10th May 2021
Those who are opposed to a further independence referendum for Scotland are making the same mistakes as Remainers in the Brexit debates.
On Twitter and social media generally – and in mainstream media – those opposed to a referendum (and thereby to independence) are taking the following techincal points:
– that the last referendum was supposed to be ‘once in a generation or lifetime’
– that there is no majority for the Scottish National Party in the Scottish parliament
– that enabling legislation is outside the legislative competence of the Scottish parliament
and so on.
As a veteran of similar debates over Brexit, these technical – almost pedantic – contentions seem familiar.
There were those who argued that the Brexit referendum had no political purchase because it was ‘advisory’.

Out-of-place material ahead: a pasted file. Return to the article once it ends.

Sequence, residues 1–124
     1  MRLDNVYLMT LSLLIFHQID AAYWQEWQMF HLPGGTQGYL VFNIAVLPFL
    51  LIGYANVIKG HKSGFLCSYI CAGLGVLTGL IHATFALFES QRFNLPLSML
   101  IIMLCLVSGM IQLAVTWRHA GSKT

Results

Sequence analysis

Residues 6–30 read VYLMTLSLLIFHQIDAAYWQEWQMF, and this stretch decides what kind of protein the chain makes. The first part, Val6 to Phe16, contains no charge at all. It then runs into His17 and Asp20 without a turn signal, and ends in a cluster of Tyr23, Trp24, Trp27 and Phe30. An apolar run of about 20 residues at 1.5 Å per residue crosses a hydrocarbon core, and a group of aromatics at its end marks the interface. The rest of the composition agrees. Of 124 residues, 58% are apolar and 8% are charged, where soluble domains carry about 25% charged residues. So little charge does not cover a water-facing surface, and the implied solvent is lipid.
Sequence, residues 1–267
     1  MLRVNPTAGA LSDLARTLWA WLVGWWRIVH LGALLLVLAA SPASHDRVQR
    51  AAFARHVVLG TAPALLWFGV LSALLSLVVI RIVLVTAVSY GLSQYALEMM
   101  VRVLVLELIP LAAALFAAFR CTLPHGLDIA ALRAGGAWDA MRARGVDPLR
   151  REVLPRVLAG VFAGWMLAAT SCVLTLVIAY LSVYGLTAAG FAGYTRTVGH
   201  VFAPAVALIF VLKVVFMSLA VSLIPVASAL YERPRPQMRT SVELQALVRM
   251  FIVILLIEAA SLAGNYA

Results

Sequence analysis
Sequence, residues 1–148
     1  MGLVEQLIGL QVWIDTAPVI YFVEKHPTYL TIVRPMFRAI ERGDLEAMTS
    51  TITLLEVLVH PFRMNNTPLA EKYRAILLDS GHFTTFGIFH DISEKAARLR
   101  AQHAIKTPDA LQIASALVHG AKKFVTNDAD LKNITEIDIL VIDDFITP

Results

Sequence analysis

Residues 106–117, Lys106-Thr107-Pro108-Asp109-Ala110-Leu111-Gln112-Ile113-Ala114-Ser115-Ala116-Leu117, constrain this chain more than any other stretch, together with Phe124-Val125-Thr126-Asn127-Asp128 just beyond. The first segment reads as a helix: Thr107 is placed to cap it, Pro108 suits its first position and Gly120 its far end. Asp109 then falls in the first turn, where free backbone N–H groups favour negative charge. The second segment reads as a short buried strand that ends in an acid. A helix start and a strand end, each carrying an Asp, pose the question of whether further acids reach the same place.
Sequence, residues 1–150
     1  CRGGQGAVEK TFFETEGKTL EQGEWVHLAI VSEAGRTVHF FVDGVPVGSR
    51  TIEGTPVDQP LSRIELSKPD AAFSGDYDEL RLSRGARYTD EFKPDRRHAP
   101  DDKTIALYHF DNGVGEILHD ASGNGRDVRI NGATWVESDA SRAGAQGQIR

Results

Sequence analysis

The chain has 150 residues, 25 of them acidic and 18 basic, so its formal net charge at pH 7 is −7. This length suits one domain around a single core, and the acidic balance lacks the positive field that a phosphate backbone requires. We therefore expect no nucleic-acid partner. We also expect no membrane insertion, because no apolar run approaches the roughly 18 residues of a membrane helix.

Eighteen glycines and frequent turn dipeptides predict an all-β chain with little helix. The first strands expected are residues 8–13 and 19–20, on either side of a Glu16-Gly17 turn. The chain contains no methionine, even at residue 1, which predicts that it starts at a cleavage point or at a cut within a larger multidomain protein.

There were others who – until quite late in the Brexit process – denied that Article 50 had actually been triggered and sought to make legal challenges on this basis.
The feature of these positions is that they said nothing about the merits – or otherwise – of Brexit.
And similarly the pedantic legalistic objections to a further independence referendum for Scotland also say nothing about the merits of either a referendum or independence.
Indeed, each time one of these pedantic legalistic contentions is made, an opportunity is lost to make a case on the merits of the Union.
As I can aver as a pedantic legal commentator, few if any voters are influenced in their vote by pedantic legalistic points.
The impression given by reliance on such contentions is that they are substitutes for arguments on the merits.
A confident supporter of the Union should say about a referendum ‘bring it on – and let me show you the merits of the Union’ – rather than trying to evade or avoid a referendum on technicalities.
That is if there is a case for the Union on the merits.
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